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HistoGenes - Integrating genetic, archaeological and historical perspectives on Eastern Central Europe is among 37 research groups to receive funding from the ERC as part of its 2019 Synergy Grant competition, which supports the world's top researchers to address the most complex research problems.

The ERC announcement can be found here: https://erc.europa.eu/news/erc-2019-synergy-grants-results.

Prof. Dr. Johannes Krause
Prof. Dr. Johannes Krause
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Email: presse@shh.mpg.de

10 million Euro ERC Synergy Grant awarded for study of medieval populations

The Max Planck Institute for the Science of Human History’s Johannes Krause among four principal investigators to head study

October 16, 2019

The Max Planck Institute for the Science of Human History and its international partners have received a 10 million euro Synergy Grant from the European Research Council (ERC) to fund a multidisciplinary study of more than 100 medieval cemeteries located across central and eastern Europe. The project, HistoGenes - Integrating genetic, archaeological and historical perspectives on Eastern Central Europe, will seek to understand the impact of migrations and mobility on the population of the Carpathian Basin from 400-900 CE, based on a comprehensive analysis of samples from 6,000 ancient burial sites. HistoGenes will, for the first time, unite historians, archaeologists, geneticists, anthropologists, and specialists in bioinformatics, isotope analysis, and other scientific methods in understanding this key period of European history.

 

The four prinicipal investigators of the HistoGenes project, which integrates genetic, archaeological and historical perspectives on Eastern Central Europe, 400-900 AD: Johannes Krause, Walter Pohl, Patrick Geary and Tivadar Vida (pictured from left to right). Zoom Image
The four prinicipal investigators of the HistoGenes project, which integrates genetic, archaeological and historical perspectives on Eastern Central Europe, 400-900 AD: Johannes Krause, Walter Pohl, Patrick Geary and Tivadar Vida (pictured from left to right).

The team's four principal investigators, representing these various disciplines, are Patrick Geary (Institute for Advanced Study, Princeton, USA), Johannes Krause (Max Planck Institute for the Science of Human History, Jena, Germany), Walter Pohl (Austrian Academy of Sciences, Vienna, Austria), and Tivadar Vida (ELTE, Budapest, Hungary). In Germany, the research team includes Doctor Choongwon Jeong, among others, a population geneticist associated with the Max Planck Institute for the Science of Human History’s Archaeogenetics department who also serves on the faculty of the School of Biological Sciences at Seoul National University. 

"We expect insights into the settlement history and genetic legacy of mobile groups in Pannonia, a region that saw many cultural changes in the second half of the first millennium of our era," says Prof. Dr. Krause, director of the department of Archaeogenetics at the Max Planck Institute for the Science of Human History. "This unprecedented large scale project aims to understand the social structure, health status and biological connections of early Medieval people within our study region and beyond".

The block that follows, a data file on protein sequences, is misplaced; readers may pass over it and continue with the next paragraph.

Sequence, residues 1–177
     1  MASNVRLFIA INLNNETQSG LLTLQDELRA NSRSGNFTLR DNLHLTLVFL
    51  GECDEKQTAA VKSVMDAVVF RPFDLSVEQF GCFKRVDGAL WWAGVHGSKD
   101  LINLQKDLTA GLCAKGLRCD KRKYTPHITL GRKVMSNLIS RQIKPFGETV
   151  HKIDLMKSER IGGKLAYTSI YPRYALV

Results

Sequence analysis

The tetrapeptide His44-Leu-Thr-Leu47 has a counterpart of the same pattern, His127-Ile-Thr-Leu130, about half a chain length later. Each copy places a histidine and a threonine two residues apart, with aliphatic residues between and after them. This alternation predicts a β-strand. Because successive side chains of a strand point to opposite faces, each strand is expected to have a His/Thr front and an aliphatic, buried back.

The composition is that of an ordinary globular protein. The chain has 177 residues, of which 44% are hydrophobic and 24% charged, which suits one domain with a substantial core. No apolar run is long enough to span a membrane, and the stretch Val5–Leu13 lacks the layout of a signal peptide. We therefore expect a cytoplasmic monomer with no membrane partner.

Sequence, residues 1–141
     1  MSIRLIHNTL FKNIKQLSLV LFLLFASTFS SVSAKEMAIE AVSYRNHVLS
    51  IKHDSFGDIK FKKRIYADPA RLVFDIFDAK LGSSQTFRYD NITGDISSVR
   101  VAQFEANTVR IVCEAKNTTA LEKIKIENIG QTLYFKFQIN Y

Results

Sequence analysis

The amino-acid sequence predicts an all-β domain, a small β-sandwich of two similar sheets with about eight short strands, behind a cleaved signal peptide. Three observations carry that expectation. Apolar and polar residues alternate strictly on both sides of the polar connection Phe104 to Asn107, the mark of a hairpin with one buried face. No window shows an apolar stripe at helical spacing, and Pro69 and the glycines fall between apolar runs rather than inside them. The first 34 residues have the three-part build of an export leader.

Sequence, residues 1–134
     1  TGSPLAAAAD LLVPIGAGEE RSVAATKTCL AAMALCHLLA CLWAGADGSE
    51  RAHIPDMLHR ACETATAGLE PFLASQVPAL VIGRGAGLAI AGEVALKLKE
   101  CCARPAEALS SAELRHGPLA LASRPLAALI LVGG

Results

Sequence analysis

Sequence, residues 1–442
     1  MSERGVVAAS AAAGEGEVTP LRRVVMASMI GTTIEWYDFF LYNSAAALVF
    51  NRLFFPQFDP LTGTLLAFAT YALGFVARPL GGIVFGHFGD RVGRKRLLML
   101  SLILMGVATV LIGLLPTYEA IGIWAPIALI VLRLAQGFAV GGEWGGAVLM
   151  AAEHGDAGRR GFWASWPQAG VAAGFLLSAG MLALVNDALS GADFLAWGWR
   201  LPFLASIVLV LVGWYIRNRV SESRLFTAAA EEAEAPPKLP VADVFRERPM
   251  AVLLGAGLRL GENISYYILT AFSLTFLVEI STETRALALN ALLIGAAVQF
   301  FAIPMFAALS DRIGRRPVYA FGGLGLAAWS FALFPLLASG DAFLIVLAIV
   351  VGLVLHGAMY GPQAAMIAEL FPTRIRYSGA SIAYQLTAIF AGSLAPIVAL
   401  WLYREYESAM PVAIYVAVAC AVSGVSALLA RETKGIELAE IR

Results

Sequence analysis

The core objectives of the project are to explore the impact of mobility on early medieval populations, refine the methods of archaeogenetic research, and establish a multidisciplinary model for future research.

According to a member of the ERC panel, "This project fuses cutting edge techniques in genetic testing with familiar archaeological and textual analysis to examine a half-millennium of migration and settlement in a crossroads region of Eurasia. It is big, original, methodologically sophisticated and will push the study of human history in new directions."

The HistoGenes team is comprised of the world's preeminent scholars, who are leading specialists in their fields. Prof. Dr. Johannes Krause focuses on the analysis of ancient DNA to investigate such topics as pathogens from historic and prehistoric epidemics, human genetic history and human evolution. He contributed substantially to deciphering the Neanderthal genome and the shared genetic heritage of Neanderthals and modern humans. In 2010, while working at the Max Planck Institute for Evolutionary Anthropology in Leipzig, he discovered the first genetic evidence of the Denisovans, an extinct hominin discovered in Siberia. His recent work includes revealing the genetic heritage of ancient Egyptians, reconstructing the first Pleistocene African genomes, uncovering the source of the epidemic plague bacteria that periodically caused historic and prehistoric epidemics in Europe, and clarifying the complex history of Europe’s prehistoric mass migrations.

HistoGenes - Integrating genetic, archaeological and historical perspectives on Eastern Central Europe is among 37 research groups to receive funding from the ERC as part of its 2019 Synergy Grant competition, which supports the world's top researchers to address the most complex research problems. The ERC announcement can be found here: https://erc.europa.eu/news/erc-2019-synergy-grants-results.

 
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